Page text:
Days after New Canaan’s highest elected official dismissed a bid to preserve a long-vacant town-owned structure on Richmond Hill Road, a resident seeking to stave off demolition has filed a formal objection to that end. Mimi Findlay, a founder of the New Canaan Preservation Alliance, in a letter filed with the town’s chief building official, reviews the history of the “Mead Park Brick Barn” and makes a case for its historical and architectural significance.
Under the Town Code, the volunteer Historical Review Committee will study the matter and, if that panel finds that the structure “is of historical, architectural or cultural significance to the Town of New Canaan,” it can force a 90-day delay on the demolition from the date of the demo permit application.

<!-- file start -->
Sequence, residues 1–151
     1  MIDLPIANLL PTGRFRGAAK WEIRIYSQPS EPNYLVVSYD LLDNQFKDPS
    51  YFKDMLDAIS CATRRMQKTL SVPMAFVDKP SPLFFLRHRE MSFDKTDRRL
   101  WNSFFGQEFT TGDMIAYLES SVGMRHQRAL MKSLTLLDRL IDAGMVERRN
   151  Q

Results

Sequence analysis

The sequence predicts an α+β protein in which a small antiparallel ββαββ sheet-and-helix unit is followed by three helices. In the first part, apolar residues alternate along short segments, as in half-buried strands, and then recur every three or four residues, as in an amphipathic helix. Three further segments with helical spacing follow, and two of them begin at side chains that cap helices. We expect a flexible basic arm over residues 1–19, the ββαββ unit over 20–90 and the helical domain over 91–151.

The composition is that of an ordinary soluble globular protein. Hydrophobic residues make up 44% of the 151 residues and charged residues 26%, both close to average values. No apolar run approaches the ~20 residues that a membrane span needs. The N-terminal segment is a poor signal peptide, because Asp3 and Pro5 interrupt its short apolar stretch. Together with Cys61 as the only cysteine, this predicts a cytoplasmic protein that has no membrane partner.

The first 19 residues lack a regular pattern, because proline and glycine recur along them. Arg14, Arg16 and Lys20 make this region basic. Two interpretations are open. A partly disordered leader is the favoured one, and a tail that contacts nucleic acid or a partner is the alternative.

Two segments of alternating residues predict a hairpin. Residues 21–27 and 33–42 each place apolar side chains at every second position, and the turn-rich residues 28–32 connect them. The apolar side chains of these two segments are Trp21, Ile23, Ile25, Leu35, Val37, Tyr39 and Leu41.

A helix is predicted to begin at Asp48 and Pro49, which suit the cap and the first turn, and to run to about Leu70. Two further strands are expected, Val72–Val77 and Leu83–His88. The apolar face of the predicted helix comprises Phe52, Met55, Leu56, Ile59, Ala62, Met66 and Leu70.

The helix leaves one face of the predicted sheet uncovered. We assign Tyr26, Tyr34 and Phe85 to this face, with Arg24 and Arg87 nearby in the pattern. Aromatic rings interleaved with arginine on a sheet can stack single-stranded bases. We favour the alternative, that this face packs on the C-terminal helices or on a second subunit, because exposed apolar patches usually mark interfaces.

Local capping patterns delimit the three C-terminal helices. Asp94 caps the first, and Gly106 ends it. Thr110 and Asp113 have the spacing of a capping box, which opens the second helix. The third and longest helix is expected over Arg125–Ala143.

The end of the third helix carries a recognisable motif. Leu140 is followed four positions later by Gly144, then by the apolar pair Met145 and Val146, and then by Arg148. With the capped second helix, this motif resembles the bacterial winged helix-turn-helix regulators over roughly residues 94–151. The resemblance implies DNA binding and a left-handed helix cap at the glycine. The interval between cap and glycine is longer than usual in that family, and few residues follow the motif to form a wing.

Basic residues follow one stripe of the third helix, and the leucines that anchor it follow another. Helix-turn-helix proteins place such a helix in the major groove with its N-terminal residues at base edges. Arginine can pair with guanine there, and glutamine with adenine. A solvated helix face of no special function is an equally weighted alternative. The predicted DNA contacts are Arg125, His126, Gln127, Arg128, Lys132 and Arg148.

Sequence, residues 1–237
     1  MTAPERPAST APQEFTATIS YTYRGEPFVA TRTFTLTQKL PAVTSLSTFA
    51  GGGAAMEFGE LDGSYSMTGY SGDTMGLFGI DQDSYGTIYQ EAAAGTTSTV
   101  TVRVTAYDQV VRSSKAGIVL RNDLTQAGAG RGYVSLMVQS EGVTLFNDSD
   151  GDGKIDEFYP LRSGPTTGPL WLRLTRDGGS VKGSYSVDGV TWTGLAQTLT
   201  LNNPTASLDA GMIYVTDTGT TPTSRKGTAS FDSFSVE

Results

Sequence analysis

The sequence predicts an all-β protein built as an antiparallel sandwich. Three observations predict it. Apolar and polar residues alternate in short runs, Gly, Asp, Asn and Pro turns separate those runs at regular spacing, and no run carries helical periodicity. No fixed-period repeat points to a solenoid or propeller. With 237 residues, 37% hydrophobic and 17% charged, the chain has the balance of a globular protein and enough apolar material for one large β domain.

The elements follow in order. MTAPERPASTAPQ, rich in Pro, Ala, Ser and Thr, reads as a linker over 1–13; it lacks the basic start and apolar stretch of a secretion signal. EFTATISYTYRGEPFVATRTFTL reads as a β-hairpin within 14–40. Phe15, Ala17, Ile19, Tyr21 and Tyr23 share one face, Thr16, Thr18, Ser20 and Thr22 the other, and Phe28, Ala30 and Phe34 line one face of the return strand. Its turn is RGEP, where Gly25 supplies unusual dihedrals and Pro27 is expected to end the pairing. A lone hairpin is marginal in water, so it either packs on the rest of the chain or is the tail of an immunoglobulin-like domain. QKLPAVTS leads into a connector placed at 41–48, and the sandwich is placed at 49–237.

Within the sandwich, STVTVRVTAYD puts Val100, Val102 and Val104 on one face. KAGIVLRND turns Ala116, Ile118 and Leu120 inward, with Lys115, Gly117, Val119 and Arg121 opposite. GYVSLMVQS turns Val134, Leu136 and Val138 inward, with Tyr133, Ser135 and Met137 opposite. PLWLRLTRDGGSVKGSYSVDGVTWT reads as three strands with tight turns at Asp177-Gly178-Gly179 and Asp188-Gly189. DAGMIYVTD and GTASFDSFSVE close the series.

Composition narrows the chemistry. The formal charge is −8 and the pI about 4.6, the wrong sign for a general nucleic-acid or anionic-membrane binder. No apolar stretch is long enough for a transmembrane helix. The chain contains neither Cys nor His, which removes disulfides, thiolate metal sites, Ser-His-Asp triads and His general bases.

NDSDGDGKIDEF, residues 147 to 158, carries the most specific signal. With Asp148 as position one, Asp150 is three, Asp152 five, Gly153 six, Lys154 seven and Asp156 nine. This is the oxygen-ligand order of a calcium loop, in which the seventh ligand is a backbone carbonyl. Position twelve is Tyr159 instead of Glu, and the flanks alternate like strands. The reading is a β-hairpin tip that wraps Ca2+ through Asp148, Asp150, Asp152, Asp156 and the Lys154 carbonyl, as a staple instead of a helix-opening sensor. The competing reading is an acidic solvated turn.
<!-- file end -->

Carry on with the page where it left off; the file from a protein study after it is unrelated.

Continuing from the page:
First Selectman Kevin Moynihan said that application went into the town last week.
The question of whether to demolish the building has come before the town in the past, and has stirred high emotion on both sides. The question of whether to demolish the Mead Park Brick Barn—or “Richmond Hill Garage,” as it has been called—has divided the town for many years. Though the town did vote in favor of razing the building—records show that demolition permits had been issued in April 2009 and August 2010—doing so proved to be cost-prohibitive due to the need for asbestos and lead paint remediation, sending the estimated cost of demolition to about $400,000. Then a new, far smaller figure of $65,000 emerged during last budget season.